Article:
I've had too much going on to ever catch up on everything I want to say, but here are some of the highlights:
First, The triplets' 12 month appointment went very well. They are developing quite well, and accounting for their prematurity, they are right where we'd like to see them developmentally. They're not doing everything you'd expect a 12 month to be doing, but they're doing most of the things you'd expect a 10 month old to be doing. Their gross motor skills are just where you'd expect a 12 month old to be, though, so they're right on the curve in that respect. The doctor is really pleased with how far they've come.
The best part is I asked about how vigilant I need to be this year during flu and RSV season and he said that none of my kids has ever shown any sign of respiratory problems (except J) or asthma, and that it's impossible to quarantine a baby, particularly with a school-aged kid in the house. He said we should lead normal lives this winter and not quarantine ourselves again. He told us what to look out for if the kids do get a cold and seem to be laboring more than they should be or seem to be in distress, but otherwise said to start acting like normal parents - or at least as normal as we can be with triplets. That being said, I think we WILL limit trips to the mall and such (not that we make any of those), but we won't limit trips to synagogue (not that we make so many of those) and while we'll ask people who come into the house to wash their hands, last year we wouldn't let anyone in the house who had so much as a sniffle - this year we're not going to such great lengths. The threat of three very sick babies was much scarier than the vague possibility of three moderately ill toddlers.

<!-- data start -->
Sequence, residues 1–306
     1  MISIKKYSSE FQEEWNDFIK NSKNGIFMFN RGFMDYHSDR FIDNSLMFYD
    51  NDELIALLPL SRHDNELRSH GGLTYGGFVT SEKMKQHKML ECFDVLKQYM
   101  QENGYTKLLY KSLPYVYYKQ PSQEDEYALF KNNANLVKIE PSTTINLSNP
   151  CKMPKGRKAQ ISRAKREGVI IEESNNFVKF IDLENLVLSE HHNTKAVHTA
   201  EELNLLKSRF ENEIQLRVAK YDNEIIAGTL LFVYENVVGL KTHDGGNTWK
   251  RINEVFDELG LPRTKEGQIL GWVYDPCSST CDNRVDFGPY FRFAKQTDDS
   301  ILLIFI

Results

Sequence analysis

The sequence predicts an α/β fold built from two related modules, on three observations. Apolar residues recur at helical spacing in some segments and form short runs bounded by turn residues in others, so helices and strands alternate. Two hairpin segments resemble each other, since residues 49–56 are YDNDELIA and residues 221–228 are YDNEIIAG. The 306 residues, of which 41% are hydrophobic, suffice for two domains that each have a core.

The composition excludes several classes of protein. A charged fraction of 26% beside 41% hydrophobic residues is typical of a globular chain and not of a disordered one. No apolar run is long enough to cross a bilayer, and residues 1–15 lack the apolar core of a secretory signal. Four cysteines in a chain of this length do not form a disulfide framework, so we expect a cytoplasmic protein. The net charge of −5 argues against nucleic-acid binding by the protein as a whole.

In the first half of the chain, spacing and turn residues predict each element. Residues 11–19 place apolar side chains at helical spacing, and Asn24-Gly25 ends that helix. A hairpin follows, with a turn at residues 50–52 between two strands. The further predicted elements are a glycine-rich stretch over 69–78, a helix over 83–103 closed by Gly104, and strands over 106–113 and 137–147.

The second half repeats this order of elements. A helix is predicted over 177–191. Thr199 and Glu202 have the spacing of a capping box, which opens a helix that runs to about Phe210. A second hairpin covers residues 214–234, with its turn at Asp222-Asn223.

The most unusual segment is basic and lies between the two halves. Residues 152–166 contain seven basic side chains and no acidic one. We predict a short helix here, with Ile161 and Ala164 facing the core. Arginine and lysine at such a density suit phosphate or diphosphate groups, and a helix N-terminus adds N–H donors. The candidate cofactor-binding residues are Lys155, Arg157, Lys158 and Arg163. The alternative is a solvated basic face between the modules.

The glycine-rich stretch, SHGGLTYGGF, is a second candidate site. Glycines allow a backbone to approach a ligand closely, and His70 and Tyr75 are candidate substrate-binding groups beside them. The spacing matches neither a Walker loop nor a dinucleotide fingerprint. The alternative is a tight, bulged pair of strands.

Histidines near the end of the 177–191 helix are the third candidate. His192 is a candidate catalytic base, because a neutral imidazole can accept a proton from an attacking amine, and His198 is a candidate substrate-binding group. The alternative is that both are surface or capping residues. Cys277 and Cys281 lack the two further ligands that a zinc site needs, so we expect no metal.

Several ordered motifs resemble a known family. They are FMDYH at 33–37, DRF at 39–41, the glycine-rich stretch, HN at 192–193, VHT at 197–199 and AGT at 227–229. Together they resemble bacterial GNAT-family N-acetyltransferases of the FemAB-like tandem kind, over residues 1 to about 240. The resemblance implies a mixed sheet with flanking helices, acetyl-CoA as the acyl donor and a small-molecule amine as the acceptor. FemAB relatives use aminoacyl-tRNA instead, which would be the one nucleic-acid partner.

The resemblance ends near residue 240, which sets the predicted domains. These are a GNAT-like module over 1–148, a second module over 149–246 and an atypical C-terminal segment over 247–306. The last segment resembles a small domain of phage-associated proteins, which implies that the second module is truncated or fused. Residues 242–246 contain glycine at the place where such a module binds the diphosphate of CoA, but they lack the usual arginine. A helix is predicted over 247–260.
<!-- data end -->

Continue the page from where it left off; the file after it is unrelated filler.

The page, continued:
The only thing I mentioned to the doctor (and I prefaced it with a strong warning of "I'm NOT worried") that I wondered if I should be taking note of was the fact that Abby really isn't babbling much particularly in comparison to Sam and Ellie. Frankly, none of the babies babble much compared to other one year olds, but Abby is by far the quietest of the bunch. He actually took more note of it than I expected he would, but said it was something he would just keep an eye on for now. But he wants to be reminded of it if we still see her lagging behind by her 15 month appointment. On an unrelated topic, he also noted that Abby has a heart murmur, which we'd never picked up on before. He thinks it's just a normal murmur, but wanted us to know about it anyway, in case we were ever asked about it. Also it's a good thing to keep track of. While I know that this is a perfectly normal thing to pick up on, I admit to being somewhat alarmed - I have a heart murmur myself, but mine is s pecifically related to the patent foramen ovale that I have. While a PFO is generally innocuous, it does lead to a higher risk of stroke (I had a TIA when I was 23) and an increased risk of chronic migraines (hello? that's me!). So I'm trying to remember that lots of people have boring normal murmurs, but my heart did skip a beat when he told me he was hearing a murmur listening to Abby's heart.